1. That the kingdom of the Messiah was to be a spiritual kingdom, and not temporal and external. They asked when it would come. "You know not what you ask," saith Christ; "it may come, and you not be aware of it." For it has not an external show, as other kingdoms have, the advancements and revolutions of which are taken notice of by the nations of the earth, and fill the newspapers; so they expected this kingdom of God would do. "No," saith Christ, (1.) "It will have a silent entrance, without pomp, without noise; it cometh not with observation," meta paratereseos—with outward show. They desired to have their curiosity satisfied concerning the time of it, to which Christ does not give them any answer, but will have their mistakes rectified concerning the nature of it: "It is not for you to know the times of this kingdom, these are secret things, which belong not to you; but the great intentions of this kingdom, these are things revealed." When Messiah the Prince comes to set up his kingdom, they shall not say, Lo here, or Lo there, as when a prince goes in progress to visit his territories it is in every body's mouth, he is here, or he is there; for where the king is there is the court. Christ will not come with all this talk; it will not be set up in this or that particular place; nor will the court of that kingdom be here or there; nor will it be here or there as it respects the country men are of, or the place they dwell in, as if that would place them nearer to, or further from, that kingdom. Those who confine Christianity and the church to this place or that party, cry, Lo here, or Lo there, than which nothing is more contrary to the designs of catholic Christianity; so do they who make prosperity and external pomp a mark of the true church. (2.) "It has a spiritual influence: The kingdom of God is within you." It is not of this world, John xviii. 36. Its glory does not strike men's fancies, but affects their spirits, and its power is over their souls and consciences; from them it receives homage, and not from their bodies only. The kingdom of God will not change men's outward condition, but their hearts and lives. Then it comes when it makes those humble, and serious, and heavenly, that were proud, and vain, and carnal,—when it weans those from the world that were wedded to the world; and therefore look for the kingdom of God in the revolutions of the heart, not of the civil government. The kingdom of God is among you; so some read it. "You enquire when it will come, and are not aware that it is already begun to be set up in the midst of you. The gospel is preached, it is confirmed by miracles, it is embraced by multitudes, so that it is in your nation, though not in your hearts." Note, It is the folly of many curious enquirers concerning the times to come that they look for that before them which is already among them.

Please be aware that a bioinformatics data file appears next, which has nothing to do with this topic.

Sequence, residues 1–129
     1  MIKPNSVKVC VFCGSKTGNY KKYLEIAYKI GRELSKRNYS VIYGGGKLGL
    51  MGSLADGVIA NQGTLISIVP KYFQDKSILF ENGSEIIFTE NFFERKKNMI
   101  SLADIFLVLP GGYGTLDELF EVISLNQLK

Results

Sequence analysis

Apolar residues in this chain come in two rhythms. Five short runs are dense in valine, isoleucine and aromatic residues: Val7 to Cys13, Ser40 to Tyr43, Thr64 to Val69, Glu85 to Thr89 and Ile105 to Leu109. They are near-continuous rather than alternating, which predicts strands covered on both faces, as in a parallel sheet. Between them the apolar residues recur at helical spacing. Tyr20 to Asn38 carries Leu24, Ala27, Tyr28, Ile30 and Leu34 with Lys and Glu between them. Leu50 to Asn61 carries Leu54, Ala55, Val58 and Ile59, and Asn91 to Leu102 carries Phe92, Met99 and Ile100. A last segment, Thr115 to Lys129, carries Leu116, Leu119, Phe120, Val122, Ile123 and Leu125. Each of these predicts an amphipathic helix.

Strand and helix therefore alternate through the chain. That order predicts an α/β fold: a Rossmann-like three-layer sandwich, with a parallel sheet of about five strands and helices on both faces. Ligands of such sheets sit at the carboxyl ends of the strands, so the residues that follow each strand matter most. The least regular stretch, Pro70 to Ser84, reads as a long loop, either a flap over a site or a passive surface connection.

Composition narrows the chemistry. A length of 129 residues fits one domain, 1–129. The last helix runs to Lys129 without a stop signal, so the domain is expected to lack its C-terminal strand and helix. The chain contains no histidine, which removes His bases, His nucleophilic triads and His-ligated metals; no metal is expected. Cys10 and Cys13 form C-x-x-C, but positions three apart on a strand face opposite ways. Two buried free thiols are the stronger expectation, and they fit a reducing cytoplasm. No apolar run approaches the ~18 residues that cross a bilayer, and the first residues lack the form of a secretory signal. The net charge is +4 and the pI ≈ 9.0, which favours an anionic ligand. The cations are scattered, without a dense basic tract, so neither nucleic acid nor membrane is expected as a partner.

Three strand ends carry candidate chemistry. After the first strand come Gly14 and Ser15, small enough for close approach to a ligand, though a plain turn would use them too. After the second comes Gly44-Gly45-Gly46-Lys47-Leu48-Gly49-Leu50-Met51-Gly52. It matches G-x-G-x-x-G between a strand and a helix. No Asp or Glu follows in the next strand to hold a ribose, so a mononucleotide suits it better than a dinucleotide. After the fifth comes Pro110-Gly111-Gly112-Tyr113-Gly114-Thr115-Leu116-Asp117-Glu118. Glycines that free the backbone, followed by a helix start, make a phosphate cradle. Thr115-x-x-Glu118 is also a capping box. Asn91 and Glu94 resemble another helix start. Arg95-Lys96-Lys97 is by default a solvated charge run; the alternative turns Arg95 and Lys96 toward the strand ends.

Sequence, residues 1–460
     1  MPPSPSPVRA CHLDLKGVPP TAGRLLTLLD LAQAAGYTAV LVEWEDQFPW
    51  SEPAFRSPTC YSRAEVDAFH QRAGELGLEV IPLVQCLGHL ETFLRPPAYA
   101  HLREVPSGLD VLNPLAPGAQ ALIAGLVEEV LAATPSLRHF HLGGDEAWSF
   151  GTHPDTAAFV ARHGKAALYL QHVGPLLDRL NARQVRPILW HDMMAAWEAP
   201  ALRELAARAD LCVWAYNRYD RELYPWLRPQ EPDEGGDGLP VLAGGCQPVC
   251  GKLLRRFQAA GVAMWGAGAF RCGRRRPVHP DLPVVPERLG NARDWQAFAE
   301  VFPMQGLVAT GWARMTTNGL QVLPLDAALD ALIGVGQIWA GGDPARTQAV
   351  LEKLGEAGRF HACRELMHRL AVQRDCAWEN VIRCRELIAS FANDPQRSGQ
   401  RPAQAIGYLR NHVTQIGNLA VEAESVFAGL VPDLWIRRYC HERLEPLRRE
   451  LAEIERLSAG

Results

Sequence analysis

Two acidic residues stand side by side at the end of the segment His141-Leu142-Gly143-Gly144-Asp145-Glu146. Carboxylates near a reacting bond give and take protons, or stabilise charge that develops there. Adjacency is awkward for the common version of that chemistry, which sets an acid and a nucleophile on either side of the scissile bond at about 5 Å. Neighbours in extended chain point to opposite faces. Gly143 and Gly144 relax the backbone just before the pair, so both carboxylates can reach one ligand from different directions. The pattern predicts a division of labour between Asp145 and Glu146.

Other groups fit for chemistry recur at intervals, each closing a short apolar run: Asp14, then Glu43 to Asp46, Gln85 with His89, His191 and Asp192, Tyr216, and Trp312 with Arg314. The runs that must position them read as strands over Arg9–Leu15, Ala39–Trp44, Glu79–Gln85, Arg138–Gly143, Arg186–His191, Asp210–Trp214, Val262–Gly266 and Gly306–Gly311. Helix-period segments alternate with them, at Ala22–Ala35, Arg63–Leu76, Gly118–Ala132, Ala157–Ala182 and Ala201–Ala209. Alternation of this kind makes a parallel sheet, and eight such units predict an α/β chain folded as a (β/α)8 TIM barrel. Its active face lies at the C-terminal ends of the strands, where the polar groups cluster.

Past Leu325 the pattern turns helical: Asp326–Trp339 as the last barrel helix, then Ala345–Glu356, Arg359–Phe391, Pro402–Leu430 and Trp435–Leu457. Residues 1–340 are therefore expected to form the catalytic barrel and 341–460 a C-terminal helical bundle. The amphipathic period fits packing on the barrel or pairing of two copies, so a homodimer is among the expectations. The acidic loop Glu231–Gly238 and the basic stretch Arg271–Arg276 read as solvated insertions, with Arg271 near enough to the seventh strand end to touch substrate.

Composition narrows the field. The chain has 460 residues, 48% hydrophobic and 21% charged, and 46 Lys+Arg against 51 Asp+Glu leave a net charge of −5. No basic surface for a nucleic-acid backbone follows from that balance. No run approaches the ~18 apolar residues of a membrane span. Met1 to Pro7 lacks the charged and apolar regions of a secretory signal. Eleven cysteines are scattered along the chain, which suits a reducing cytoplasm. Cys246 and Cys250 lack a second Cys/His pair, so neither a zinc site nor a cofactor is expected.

2. That the setting up of this kingdom was a work that would meet with a great deal of opposition and interruption, v. 22. The disciples thought they should carry all before them, and expected a constant series of success in their work; but Christ tells them it would be otherwise: "The days will come, before you have finished your testimony and done your work, when you shall desire to see one of the days of the Son of man" (one such a day as we now have), "of the prosperity and progress of the gospel, and shall not see it. At first, indeed, you will have wonderful success" (so they had, when thousands were added to the church in a day); "but do not think it will be always so; no, you will be persecuted and scattered, silenced and imprisoned, so that you will not have opportunities of preaching the gospel without fear, as you now have; people will grow cool to it, when they have enjoyed it awhile, so that you will not see such harvests of souls gathered in to Christ afterwards as at first, nor such multitudes flocking to him as doves to their windows." This looks forward to his disciples in after-ages; they must expect much disappointment; the gospel will not be always preached with equal liberty and success. Ministers and churches will sometimes be under outward restraints. Teachers will be removed into corners, and solemn assemblies scattered. Then they will wish to see such days of opportunity as they have formerly enjoyed, sabbath days, sacrament days, preaching days, praying days; these are days of the Son of man, in which we hear from him, and converse with him. The time may come when we may in vain wish for such days. God teaches us to know the worth of such mercies by the want of them. It concerns us, while they are continued, to improve them, and in the years of plenty to lay up in store for the years of famine. Sometimes they will be under inward restraints, will not have such tokens of the presence of the Son of man with them as they have had. The Spirit is withdrawn from them; they see not their signs; the angel comes not down to stir the waters; there is a great stupidity among the children of men, and a great lukewarmness among the children of God; then they shall wish to see such victorious triumphant days of the Son of man as they have sometimes seen, when he has ridden forth with his bow and his crown, conquering and to conquer, but they will not see them. Note, We must not think that Christ's church and cause are lost because not always alike visible and prevailing.